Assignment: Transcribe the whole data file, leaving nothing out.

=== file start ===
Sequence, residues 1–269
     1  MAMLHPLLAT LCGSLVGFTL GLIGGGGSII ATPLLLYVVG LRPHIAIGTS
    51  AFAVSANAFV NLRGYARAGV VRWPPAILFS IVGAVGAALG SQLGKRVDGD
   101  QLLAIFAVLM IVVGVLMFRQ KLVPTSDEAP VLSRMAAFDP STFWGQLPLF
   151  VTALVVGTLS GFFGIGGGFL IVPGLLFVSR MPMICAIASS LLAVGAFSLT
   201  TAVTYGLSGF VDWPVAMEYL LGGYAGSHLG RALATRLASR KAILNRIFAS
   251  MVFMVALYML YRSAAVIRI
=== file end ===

Sequence, residues 1–269
     1  MAMLHPLLAT LCGSLVGFTL GLIGGGGSII ATPLLLYVVG LRPHIAIGTS
    51  AFAVSANAFV NLRGYARAGV VRWPPAILFS IVGAVGAALG SQLGKRVDGD
   101  QLLAIFAVLM IVVGVLMFRQ KLVPTSDEAP VLSRMAAFDP STFWGQLPLF
   151  VTALVVGTLS GFFGIGGGFL IVPGLLFVSR MPMICAIASS LLAVGAFSLT
   201  TAVTYGLSGF VDWPVAMEYL LGGYAGSHLG RALATRLASR KAILNRIFAS
   251  MVFMVALYML YRSAAVIRI